Title: KIA Cars
Contribution: Editing, production, web posting
The Courier Mail’s motoring editor had returned from a motor show in Germany with still images and video taken on a consumer point-and-shoot digital camera. I edited and produced a video from that provided content. This was only the second time I had used Adobe Premier Pro, and through playing with the program discovered a few simple effects to try and make the still images a little more entertaining.
It’s been a long time since I blogged any international events, but this one was enough to shock me out of my reverie.
Some African Union (AU) member states want to unite the entire continent – a United States of Africa, if you will.
Many Africans regard this as an unrealistic, if noble, dream. Sceptics point to decades of wars, coups and massacres that often sprang from ethnic and religious fault lines on a continent artificially carved up by former colonial rulers.
You could also argue uniting the continent would remove those artificial lines created by arbitrary colonial division, and reduce the chance for ethnic and religious conflict. But only if the united ‘states’ of Africa are not the states as we know them now.
If the same states remained the resulting union would only be as peaceful as the other continental union if it followed their same pattern – radical integration deterring conflict. In the case of the European Union, economic integration has worked. In Africa there’s not a lot of economy to share around and prosper in, so they might have to go with what the EU has shied away from, political integration.
Libya’s Muammar Gaddafi is one of the main proponents of the idea.
A survey just released shows daily online video usage has increased by an amazing 56% in the past year. That’s daily usage, and it’s across the board, 12 to 64-year-olds.
While it’s only a jump from 9 to 14% daily, a huge 52% of people across that age range watch online video at least once a week. That goes up to 80% watching at least once a week when you narrow the range to 18 to 24-year-old males. For females of the same age that figure is 53%.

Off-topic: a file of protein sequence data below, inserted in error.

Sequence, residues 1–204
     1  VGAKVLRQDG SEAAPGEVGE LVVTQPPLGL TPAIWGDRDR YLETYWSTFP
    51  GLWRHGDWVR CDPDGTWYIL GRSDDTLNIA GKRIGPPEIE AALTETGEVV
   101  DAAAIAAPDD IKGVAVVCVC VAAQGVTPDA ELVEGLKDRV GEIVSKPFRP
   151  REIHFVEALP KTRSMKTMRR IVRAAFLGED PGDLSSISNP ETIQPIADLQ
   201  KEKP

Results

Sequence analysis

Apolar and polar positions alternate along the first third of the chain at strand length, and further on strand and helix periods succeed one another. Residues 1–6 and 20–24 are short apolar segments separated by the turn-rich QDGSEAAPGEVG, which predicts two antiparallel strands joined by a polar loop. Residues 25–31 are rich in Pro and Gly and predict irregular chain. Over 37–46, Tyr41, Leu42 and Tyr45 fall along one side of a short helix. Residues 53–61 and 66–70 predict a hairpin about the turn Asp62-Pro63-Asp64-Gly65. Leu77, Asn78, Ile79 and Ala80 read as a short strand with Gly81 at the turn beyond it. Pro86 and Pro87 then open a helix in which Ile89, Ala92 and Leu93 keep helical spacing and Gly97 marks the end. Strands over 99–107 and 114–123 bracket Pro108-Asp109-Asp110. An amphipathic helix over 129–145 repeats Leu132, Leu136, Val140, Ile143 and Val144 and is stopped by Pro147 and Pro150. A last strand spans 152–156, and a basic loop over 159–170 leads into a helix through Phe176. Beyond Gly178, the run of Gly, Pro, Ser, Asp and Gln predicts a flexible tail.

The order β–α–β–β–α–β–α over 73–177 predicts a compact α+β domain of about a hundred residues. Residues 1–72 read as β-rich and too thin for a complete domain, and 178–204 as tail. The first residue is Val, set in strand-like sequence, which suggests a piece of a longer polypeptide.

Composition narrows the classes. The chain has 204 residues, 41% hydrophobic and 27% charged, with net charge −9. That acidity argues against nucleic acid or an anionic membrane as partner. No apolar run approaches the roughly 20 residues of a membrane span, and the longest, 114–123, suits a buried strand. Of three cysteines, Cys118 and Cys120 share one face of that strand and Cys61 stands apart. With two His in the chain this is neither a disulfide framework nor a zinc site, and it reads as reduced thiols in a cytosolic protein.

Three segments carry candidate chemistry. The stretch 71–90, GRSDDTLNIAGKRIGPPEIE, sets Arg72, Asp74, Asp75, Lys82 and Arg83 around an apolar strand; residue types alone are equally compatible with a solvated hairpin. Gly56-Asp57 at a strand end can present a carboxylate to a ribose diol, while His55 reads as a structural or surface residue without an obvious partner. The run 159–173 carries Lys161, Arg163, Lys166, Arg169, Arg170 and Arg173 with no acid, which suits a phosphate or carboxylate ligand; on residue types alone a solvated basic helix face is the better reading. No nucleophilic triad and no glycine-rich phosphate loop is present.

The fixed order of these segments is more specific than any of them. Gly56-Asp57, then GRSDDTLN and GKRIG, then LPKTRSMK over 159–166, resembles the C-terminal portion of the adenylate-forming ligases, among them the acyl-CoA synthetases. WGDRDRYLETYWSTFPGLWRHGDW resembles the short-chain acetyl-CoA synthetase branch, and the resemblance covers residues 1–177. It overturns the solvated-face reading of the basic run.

The good news for media distribution is that they’re not just watching YouTube clips, but also news stories, movie trailers, and sometimes full-length TV shows and movies. (via LR)
Earlier this morning I mentioned to a friend this academic report from October last year about the quality of news content found in The Daily Show with Jon Stewart.
And today LostRemote mentions a Pew Research study showing: â€˜Daily Showâ€™ and â€˜Colbertâ€™ viewers most informed about news – Lost Remote TV Blog
Read the entire report’s summary of findings, if you have some time.
Perhaps it’s a result of recent numbers released saying newspaper circulation has declined yet again, but David Letterman’s Late Show Top Ten list the other night was â€œTop Ten Signs Your Newspaper is in Troubleâ€œ.
In reference to the post title, I don’t think news is a joke. Newspapers shouldn’t panic, but take heart that there is also a trend to increasing online readership. The revenue lost from print isn’t yet being returned online, and it might never fully be, but in the long run media outlets are not likely to go out of business. They’ll just be smarter about how they manage their resources and news collection. For example, in the form of unpaid citizen journalist contributors.
From David Letterman’s Late Show
Top Ten Signs Your Newspaper is in Trouble.
Today Fairfax launched their competition to News Ltd in Queensland, the Brisbane Times. I’ve only just seen it now and don’t have time to really check it out, so there you go, have a link.
The other day I complained about a television station unlawfully detaining me on their channel through nefarious means, and declared my intention to bypass their chains and shackles at the first available opportunity.
BitTorrent, a downloading service better known for film piracy, has struck some deals whereby they will offer legal, paid downloads of movies, TV shows and more.
In May last year, Warner Bros. agreed to sell movies and TV shows using the BitTorrent software, and Monday’s announcement is the culmination of months of planning by BitTorrent to enter the market for legal downloads.
I know iTunes is already doing pretty well on this front, but competition works. Also, that TV content isn’t available in the Australian iTunes store. The only visual content currently available is music videos and eight Pixar short films.